Published on June 27th, 2012 | by ladyparker1
A Roux Awakening: Haut Cuisine in the United Kingdom
Gentlemen, a jacket please. And for goodness sake unearth and dust off your designer suedes or your patent leather cobbler creations… it’s a night of the utmost special occasion. Suited and booted, take the love of your life on your arm, looking ravishing as she would naturally be, considering the proposition of taking her to experience quite possibly the most famous restaurant on Earth… the Rolls-Royce of gastronomy.
Yes, chivalry is alive and well at Le Gavroche. This iconic entity resting in Upper Brook Street, Mayfair, London amongst such illustrious venues as Claridge’s, The Connaught and The Dorchester, has a decorated past. It symbolises a generational love affair with food and is synonymous with perhaps the most celebrated name in the entire cuisine realm.
Brothers Albert and Michel Roux are regarded as the godfathers of modern restaurant cuisine. They are the seminal figures of food theatre, having revolutionised the profile of the United Kingdom’s restaurants through their Michelin-starred establishments, catering business, cookbooks, TV shows, and prodigy. They’ve been dubbed “the Beatles of gastronomy” for their infectious attitude toward food appreciation and cookery perfectionism, which is inculcated throughout their businesses and future legacies. It’s a fascinating story, a lead in to what will be a featured series of Roux-related reviews.
Born into a charcuterie family in the small commune of Semur-en-Brionnais in Southern Burgundy, the Roux boys were not only indoctrinated with Christian faith but also a love of food. Albert was originally going to take a life-long pledge to God as a priest. However several instances of abuse by a clergy member meant he instantly revised his long-term ambition to pursue his other idolization, cuisine. As Albert and Michel’s father had walked out on the family when Michel was 11 years old, it was natural that the eldest, Albert, adopted a paternal role. An unfathomable brotherly love was developing between the two young men, as they worked together cooking at the British Embassy in Paris, garnering an idea about what cuisine in Britain entailed.
Their time here obviously triggered something, for they both made the bold move to the United Kingdom in the late 1960s upon Albert’s insistence. Albert was able to utilise his patisserie training to cook brilliantly for wealthy families such as Peter Cazalet’s estate in Kent, and Michel served up exemplary dishes for the Rothschilds. They grounded themselves in a scene that at this time was really quite rudimentary. As it is quite possible to imagine, the era crystallised with it that conservative British society which endured insouciance about epicurean exploration, and induced crimson cheeks if an ounce of the subject of sex was uttered publicly.
Perhaps it was their foreign accents and demeanour, and their cheeky jest, which assisted the Roux brothers to evince an awareness of the joys, skill and fascination that could be had with cookery and knowledge of food. Their dream, to set up and operate a restaurant together became a reality with Le Gavroche – ‘the Urchin’, which they opened through a pooling of their life-savings in 1967. The inaugural year was a raving success, the restaurant was frequented by conspicuous names including the Cazalet family (an advantageous connection) and none less than the Queen Mother, who, with time proclaimed Le Gavroche her favourite place to dine.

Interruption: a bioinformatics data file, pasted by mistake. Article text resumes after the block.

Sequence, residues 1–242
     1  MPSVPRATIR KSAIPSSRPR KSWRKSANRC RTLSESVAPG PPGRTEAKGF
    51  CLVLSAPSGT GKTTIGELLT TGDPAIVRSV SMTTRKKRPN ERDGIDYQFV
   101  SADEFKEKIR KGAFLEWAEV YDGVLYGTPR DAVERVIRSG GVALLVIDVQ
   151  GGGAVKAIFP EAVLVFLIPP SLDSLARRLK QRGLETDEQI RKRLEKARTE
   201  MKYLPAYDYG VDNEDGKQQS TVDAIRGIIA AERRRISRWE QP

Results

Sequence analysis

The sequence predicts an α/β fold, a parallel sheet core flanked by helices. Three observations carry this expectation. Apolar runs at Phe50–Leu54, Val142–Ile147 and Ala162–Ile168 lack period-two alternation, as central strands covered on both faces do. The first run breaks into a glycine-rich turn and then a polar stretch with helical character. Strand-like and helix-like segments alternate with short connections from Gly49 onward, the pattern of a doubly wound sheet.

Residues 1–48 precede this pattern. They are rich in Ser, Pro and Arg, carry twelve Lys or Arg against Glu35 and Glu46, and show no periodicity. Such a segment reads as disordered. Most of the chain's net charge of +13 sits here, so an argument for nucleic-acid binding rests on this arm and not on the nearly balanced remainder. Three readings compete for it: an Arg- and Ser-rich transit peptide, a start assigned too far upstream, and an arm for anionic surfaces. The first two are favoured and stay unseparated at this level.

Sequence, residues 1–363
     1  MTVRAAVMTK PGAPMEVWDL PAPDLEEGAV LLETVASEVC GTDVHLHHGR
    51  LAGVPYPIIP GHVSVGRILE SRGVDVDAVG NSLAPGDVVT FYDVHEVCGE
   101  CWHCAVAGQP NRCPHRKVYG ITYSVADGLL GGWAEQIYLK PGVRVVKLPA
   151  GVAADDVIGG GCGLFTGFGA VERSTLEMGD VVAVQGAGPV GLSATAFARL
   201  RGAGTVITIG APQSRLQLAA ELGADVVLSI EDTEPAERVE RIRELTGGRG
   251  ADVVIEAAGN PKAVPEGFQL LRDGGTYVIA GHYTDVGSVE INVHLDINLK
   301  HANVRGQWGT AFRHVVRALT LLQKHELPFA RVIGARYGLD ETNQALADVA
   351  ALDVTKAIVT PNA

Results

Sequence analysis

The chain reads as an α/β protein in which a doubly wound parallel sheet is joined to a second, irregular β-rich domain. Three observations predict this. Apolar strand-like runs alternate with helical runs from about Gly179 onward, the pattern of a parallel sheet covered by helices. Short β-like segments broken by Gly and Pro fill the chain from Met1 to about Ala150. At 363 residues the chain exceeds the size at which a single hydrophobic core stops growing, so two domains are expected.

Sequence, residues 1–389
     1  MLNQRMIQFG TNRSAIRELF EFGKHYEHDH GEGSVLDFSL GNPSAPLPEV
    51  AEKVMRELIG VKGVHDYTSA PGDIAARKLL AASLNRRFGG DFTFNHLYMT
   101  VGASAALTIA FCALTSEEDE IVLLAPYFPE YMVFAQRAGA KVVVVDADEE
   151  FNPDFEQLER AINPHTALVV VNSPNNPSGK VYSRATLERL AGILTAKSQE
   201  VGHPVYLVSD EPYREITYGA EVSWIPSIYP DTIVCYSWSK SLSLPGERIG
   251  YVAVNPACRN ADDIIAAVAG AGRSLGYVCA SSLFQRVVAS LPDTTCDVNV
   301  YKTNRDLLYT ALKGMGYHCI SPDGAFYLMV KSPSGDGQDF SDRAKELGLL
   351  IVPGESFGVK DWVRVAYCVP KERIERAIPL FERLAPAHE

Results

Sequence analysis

Its popularity was not ephemeral; the radically new style of cuisine coming out of this kitchen in Chelsea was wildly extolled all over the nation and it earned steadily one and two Michelin-stars (1974 and 1977 respectively), until the decisive day in 1982 when Le Gavroche became the first restaurant in the UK to hold three of the most coveted symbols in the restaurant world. The brothers had achieved phenomenal things in this time. They had moved their leading restaurant to Upper Brook Street in Mayfair and opened another restaurant, The Waterside Inn, in the small village of Bray which went on to attain 3-Michelin stars in 1985. Today The Waterside Inn is the only restaurant outside of France to retain its 3-stars for 25 consecutive years. The Roux brother’s had also trained the future of celebrity chefs, a new breed of media savvy, brilliantly creative food heroes. Such illustrious names as Marco Pierre White, Gordon Ramsay, Marcus Wareing, and Rowley Leigh all worked under the aegis of empire Roux.
Prodigal sons had also been ticked off the list. Both Michel Jr (Albert’s son) and Alain (Michel’s son) learnt by osmosis the spirit of what it means to cook like a Roux. Veal stock, foie gras, puff pastry, soufflés, crème brulee, the finest of ingredients were mastered by the graduates of Le Gavroche and The Waterside Inn and every gastronomic technique was performed with precision.
Not necessarily seeing eye-to-eye on business ideology, Albert and Michel split up the two Michelin-starred paragons of cuisine in the late 1980s, and the operations have successively been entrusted to the Roux sons. Albert took Le Gavroche, now headlining chef Michel Roux Jr, while The Waterside Inn bore Michel’s name and now thrives under Alain Roux.
With a fortunate glimpse on Food TV of the Roux brother’s new series The Roux Legacy, I was able to witness Albert and Michel cook together – the first time they had been reunited in the kitchen for 24 years. These few minutes of footage demonstrated the unconditional love they have for each other and for cooking, despite discernable contrasts. The whole Roux family has evidently absorbed this love, and it is obvious that the future of this gastronomic dynasty is very bright.